Chef Mike Isabella: ‘I probably should have apologized earlier’

WASHINGTON — More than four months after settling a federal lawsuit alleging workplace sexual harassment and days after filing for Chapter 11 bankruptcy, D.C.-area celebrity chef Mike Isabella is offering something new — an apology.

“I want people to know that I’m sorry,” Isabella told Fox 5. “I probably should have apologized earlier.”

In May, Isabella settled a suit against a former employee who alleged she was sexually harassed while working as a manager for Mike Isabella Concepts, and that he and his partners created a “sexually hostile work environment and condoned a climate of contempt for women,” at his restaurants.

Since the lawsuit, Isabella has closed several restaurants, including Graffiato in Chinatown, Isabella Eatery at Tysons Galleria. In addition, his partnership with the Washington Nationals has ended.

Even as he settled the lawsuit, Isabella and his company denied the allegations of sexual harassment, which included inappropriate texts and comments, and unwanted touching of female employees.

What took him so long to apologize?

“This has never happened to me before, so it took me some time, and I realized I made a mistake,” he told the TV station. “I apologize for things that went on that made people feel uncomfortable.”

Hoping the bankruptcy filing will “stop the bleeding” and stabilize the business, Isabella said he is trying to shift focus back to the food and entertainment experience employees and customers enjoy.

Asked if he believes he can earn back the adoration that made him a superstar, Isabella said he will try.

“I never want to let anyone down,” he said. “I never want to disappoint anyone, and I did, and I’m apologizing for it. I wanted you to hear it from my mouth.”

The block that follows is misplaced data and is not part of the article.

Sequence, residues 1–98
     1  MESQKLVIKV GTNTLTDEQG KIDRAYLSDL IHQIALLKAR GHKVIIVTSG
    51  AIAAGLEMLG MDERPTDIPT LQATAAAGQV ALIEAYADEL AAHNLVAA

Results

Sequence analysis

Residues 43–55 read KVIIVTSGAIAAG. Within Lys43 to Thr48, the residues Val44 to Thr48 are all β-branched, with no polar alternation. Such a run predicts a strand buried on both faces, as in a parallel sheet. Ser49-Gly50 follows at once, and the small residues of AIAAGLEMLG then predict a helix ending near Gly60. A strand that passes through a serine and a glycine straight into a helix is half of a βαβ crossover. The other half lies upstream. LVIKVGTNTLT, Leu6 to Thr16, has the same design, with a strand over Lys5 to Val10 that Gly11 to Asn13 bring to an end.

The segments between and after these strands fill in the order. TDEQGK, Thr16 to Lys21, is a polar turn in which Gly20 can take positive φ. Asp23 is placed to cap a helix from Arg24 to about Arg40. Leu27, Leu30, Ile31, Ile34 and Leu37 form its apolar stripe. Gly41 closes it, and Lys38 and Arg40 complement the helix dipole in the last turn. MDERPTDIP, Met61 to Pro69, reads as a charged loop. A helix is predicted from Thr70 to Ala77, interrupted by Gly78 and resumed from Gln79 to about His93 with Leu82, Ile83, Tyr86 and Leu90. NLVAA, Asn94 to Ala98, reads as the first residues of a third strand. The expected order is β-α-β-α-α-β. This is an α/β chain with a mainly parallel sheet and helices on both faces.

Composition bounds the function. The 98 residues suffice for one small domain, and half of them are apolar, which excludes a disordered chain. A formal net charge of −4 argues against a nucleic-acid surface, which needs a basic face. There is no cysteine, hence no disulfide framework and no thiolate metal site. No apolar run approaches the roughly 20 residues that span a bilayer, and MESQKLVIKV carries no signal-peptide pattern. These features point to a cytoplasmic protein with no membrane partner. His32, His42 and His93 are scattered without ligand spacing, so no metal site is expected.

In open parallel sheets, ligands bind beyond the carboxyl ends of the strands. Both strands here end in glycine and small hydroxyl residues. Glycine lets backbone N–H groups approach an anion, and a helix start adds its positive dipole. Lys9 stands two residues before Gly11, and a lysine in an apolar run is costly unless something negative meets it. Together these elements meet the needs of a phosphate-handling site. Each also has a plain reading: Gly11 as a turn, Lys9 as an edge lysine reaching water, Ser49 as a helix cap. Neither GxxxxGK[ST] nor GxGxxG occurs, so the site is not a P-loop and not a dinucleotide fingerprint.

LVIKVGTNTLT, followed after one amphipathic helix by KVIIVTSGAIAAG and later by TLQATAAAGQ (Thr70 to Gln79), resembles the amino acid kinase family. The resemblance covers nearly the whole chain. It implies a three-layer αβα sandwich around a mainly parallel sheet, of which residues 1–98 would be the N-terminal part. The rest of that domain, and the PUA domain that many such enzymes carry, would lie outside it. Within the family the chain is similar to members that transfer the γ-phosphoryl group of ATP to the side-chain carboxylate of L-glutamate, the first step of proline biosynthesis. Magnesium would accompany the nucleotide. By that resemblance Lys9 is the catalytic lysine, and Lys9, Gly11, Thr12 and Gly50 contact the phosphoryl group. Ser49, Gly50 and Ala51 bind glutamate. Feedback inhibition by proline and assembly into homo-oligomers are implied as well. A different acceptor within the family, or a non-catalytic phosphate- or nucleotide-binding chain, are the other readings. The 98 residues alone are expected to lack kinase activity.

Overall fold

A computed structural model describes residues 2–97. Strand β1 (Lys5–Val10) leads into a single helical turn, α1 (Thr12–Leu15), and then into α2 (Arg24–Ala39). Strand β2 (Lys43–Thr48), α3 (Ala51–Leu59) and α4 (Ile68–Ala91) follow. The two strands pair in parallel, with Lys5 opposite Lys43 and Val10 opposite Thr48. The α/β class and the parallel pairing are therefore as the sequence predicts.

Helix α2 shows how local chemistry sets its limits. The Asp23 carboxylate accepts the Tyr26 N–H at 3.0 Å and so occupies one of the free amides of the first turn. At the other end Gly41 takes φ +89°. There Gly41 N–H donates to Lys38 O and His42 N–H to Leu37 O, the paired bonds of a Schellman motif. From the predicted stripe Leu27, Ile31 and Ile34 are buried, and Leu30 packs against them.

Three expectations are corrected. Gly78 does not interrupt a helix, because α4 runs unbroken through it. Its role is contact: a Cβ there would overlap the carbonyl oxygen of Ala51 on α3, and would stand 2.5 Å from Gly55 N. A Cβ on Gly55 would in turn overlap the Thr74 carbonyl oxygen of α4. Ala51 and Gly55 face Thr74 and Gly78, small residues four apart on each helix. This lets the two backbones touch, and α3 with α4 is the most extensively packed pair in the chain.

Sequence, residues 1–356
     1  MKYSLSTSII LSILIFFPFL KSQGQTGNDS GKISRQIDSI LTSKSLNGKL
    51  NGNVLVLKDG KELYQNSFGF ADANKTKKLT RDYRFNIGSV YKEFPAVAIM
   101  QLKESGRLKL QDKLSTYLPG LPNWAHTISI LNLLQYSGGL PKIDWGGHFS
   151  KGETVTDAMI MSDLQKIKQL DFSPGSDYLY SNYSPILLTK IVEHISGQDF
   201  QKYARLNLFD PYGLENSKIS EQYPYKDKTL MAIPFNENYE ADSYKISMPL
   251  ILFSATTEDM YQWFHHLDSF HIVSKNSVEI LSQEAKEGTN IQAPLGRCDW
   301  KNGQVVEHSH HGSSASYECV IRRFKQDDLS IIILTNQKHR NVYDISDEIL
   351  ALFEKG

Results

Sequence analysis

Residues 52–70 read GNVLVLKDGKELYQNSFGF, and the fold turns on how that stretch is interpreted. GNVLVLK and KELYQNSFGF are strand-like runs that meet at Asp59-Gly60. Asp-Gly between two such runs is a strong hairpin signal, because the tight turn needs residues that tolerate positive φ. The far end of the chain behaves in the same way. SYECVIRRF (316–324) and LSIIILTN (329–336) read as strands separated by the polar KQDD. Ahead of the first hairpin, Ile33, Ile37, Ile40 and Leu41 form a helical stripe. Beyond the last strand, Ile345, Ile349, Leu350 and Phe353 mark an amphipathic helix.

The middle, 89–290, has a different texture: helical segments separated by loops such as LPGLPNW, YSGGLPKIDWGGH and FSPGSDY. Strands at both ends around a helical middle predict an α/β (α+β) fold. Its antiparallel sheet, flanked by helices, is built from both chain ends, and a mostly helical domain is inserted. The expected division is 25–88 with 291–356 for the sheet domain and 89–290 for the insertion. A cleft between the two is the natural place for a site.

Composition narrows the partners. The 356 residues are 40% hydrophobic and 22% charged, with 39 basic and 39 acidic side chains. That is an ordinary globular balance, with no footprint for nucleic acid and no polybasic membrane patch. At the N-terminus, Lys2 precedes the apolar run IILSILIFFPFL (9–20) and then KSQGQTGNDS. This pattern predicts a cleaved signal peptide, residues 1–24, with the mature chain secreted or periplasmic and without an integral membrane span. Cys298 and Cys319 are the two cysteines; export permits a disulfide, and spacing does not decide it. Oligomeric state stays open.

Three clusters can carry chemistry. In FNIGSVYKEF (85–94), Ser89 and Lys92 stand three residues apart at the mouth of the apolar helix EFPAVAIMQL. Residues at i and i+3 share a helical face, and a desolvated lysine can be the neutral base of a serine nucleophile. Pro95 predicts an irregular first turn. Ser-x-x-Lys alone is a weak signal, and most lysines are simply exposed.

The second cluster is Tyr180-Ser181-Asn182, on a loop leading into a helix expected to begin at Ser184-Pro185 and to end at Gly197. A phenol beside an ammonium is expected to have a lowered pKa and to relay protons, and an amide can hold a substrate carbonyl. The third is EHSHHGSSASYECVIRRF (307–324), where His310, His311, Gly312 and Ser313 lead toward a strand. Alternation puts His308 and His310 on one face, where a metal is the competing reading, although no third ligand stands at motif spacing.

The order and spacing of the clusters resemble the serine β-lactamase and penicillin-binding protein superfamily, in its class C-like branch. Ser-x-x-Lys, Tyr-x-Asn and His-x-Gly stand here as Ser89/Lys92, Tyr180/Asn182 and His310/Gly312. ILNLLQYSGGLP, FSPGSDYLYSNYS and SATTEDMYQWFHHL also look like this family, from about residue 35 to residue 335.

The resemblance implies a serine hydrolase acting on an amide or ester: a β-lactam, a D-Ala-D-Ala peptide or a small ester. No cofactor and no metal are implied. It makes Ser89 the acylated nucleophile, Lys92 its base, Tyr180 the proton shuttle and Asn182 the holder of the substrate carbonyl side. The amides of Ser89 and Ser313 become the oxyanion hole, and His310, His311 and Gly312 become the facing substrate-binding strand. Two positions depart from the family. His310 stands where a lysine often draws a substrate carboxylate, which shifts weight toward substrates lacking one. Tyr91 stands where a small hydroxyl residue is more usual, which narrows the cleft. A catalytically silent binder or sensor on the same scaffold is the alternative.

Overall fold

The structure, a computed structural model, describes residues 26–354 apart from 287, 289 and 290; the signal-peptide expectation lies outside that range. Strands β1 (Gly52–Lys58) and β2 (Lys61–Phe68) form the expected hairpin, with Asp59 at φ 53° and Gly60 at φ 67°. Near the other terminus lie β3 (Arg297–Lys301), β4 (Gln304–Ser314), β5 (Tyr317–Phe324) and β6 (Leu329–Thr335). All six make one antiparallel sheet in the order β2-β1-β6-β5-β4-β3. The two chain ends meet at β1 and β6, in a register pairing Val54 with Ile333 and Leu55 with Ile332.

Isabella said his company has brought in experts to train his employees in developing a work environment free of sexual harassment.

“Everyone should feel comfortable, no matter what position you are. Whether you’re a dishwasher, host, server, bartender, manager, general manager, or chef,” said Isabella. “Everyone should feel comfortable no matter who it is, and anyone could lose their job at any point for not handling those situations.”

Isabella said the no-tolerance policy applies to everyone.

“There’s nobody who’s untouchable. Even myself. Everyone has to be held accountable for their actions,” he said.

As he tries to win back public trust and popularity, after months of denying problems in his restaurants, Isabella said “I’ve definitely had time to think about everything — I’ve definitely grown a lot.”

He offered a vow that his business is committed to moving forward without sexual harassment:

“Nothing like that will happen in my company,” he said. “Have things happened in the past? Yes, we’ve made mistakes and things have happened that we are not proud of.”

“I just want to make everything better, and do as much as I can to learn from this experience and never let it happen again in my company.”

Watch the entire Fox 5 interview:

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